4.A.1 Complainant is a subsidiary of Teva Pharmaceutical Industries Ltd (“Teva”). Teva was established in 1901 and operates in 60 countries worldwide. Complainant was formed in 1976.

4.A.2 Complainant produces NUVIGIL (armodafinil), a treatment for improving wakefulness in adult patients with excessive sleepiness associated with narcolepsy, obstructive sleep apnoea and shift work disorder. It is part of Teva’s CNS (Central Nervous System) line of specialty medicines.

The NUVIGIL trade mark

4.A.3 Complainant is the proprietor of the NUVIGIL trade mark in a number of territories, including the United States and Europe. Particulars of those registrations are:


Registration No.


Classes of goods

Dates of application and registration.

Community Trade Mark (CTM)




Filed: November 15, 2004; Registered: January 26, 2006

United States




Filed: May 27, 2004;

Registered: November 25, 2008

4.B Respondent

4.B.1 In the absence of a Response, what is known of Respondent is derived from the Complaint, its Annexes and the email correspondence between the parties.

4.B.2 The disputed domain name was registered on July 14, 2015.

4.B.3 The disputed domain name resolves to a website which offers armodafinil tablets, and which contains a copyright notice incorporating Complainant’s NUVIGIL trade mark.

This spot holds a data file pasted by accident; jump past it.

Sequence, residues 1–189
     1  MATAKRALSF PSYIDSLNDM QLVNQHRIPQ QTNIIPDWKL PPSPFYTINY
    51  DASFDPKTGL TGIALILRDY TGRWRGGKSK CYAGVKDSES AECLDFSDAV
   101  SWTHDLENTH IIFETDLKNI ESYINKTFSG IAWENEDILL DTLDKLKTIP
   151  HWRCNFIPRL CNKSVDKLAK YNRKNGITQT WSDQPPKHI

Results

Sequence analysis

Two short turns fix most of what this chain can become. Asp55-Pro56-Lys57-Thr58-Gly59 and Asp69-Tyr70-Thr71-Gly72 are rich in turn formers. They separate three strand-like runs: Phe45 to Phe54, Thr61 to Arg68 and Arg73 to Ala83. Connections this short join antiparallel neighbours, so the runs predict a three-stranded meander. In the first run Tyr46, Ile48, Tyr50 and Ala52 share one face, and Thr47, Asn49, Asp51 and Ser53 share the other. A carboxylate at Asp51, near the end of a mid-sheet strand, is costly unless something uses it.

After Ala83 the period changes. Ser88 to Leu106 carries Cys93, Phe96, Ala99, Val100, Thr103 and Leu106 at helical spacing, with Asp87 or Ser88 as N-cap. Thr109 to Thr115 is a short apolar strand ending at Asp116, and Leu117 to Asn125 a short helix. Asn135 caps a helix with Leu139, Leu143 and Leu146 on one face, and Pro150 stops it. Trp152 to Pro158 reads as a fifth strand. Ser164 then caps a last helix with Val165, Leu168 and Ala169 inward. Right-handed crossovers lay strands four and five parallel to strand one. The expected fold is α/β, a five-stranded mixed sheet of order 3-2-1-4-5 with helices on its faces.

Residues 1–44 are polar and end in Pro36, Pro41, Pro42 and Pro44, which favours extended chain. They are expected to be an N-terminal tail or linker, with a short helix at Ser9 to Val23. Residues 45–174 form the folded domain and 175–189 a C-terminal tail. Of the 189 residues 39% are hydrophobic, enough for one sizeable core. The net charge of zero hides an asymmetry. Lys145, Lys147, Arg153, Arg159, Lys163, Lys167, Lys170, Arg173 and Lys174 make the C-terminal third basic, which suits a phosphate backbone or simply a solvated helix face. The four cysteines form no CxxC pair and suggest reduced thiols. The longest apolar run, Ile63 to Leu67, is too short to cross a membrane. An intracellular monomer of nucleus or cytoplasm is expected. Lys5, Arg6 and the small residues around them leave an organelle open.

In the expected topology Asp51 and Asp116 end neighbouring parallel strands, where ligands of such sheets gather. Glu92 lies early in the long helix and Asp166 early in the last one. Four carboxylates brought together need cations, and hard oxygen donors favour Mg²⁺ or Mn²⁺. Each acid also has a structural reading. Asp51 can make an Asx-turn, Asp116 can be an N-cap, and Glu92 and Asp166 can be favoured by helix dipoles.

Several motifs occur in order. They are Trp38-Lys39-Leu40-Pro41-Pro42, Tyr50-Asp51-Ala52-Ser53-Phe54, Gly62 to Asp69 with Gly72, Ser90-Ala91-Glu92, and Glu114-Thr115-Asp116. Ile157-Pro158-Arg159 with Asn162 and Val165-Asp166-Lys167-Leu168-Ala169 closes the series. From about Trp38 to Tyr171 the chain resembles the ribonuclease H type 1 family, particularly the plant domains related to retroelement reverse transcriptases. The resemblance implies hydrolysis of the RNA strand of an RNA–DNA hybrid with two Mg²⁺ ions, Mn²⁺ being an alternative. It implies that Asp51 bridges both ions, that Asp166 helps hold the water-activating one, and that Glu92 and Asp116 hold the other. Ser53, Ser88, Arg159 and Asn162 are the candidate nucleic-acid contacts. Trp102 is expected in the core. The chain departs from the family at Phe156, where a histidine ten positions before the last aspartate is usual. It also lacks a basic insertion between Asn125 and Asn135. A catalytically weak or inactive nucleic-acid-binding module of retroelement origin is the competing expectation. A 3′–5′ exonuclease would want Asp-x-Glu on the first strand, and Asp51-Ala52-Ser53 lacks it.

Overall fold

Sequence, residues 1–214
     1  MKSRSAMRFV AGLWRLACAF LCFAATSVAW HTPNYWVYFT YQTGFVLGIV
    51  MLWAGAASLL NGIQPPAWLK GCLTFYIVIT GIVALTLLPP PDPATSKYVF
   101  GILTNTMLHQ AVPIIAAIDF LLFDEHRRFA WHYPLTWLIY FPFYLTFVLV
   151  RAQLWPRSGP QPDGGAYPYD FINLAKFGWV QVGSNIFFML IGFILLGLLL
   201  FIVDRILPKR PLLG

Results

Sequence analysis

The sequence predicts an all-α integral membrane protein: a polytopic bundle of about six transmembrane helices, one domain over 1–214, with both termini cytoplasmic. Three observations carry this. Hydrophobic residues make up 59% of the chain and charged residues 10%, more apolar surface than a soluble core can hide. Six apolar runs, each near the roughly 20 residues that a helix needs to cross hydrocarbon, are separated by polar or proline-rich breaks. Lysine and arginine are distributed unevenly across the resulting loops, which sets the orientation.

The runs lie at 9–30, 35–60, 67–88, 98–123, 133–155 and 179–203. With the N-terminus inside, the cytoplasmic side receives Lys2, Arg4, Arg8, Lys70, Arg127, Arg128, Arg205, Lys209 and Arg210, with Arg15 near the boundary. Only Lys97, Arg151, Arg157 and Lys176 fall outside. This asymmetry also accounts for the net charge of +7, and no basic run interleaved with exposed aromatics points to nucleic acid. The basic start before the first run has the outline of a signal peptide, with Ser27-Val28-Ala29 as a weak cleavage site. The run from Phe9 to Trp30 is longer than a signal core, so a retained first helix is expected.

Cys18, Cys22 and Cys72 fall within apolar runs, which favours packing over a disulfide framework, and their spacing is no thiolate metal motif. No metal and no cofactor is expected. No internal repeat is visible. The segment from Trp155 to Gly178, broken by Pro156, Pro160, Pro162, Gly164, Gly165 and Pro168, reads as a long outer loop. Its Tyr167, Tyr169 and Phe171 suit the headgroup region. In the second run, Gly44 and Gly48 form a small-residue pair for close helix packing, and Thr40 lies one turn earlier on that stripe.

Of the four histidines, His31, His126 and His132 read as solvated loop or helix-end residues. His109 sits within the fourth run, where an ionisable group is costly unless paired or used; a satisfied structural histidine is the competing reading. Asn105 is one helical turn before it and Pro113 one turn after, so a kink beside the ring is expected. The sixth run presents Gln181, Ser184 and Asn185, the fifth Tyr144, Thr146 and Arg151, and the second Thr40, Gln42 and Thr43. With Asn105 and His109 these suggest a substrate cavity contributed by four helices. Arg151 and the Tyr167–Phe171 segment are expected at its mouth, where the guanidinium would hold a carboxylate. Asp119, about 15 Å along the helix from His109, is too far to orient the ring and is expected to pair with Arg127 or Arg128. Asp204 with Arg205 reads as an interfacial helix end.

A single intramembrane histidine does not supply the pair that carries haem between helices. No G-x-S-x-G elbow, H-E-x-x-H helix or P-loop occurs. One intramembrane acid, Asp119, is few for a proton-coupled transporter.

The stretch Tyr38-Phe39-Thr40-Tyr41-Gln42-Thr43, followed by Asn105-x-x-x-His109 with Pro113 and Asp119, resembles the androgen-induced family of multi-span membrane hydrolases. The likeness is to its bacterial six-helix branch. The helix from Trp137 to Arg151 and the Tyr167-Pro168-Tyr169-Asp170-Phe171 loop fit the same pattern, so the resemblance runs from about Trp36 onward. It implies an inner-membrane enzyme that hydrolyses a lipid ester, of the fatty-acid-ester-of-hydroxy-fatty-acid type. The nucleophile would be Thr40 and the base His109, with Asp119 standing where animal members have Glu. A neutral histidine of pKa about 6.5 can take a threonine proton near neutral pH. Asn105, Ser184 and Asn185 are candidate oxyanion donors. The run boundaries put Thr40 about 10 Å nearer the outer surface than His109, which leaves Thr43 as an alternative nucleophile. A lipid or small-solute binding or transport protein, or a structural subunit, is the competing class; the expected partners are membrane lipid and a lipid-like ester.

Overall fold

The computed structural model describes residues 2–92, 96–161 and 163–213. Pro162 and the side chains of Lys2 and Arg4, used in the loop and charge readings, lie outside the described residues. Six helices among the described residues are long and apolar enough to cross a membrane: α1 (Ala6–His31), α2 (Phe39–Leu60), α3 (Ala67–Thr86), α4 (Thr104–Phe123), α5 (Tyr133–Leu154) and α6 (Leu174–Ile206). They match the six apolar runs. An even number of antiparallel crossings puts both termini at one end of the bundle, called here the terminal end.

4.B.4 Shortly after Respondent was notified of the Complaint, by email dated March 9, 2016 he provided a domain authorisation code in order to transfer the disputed domain name. By email dated March 10, 2016 the Center advised the parties of the procedure to suspend the administrative proceeding in order to discuss and implement settlement of the dispute. In the absence of a reply from either party, on March 22, 2016 the Center advised the parties that it had moved to the Panel appointment process but that the proceeding could still be suspended for the purpose of settlement negotiations. Complainant replied the same day requesting suspension. However, the following day Complainant requested that the procedure continue “as it will not be able to reach settlement in this matter.”

4.B.5 Also on March 23, 2016 Respondent emailed Complainant and the Center in the following terms:

“Dear Provider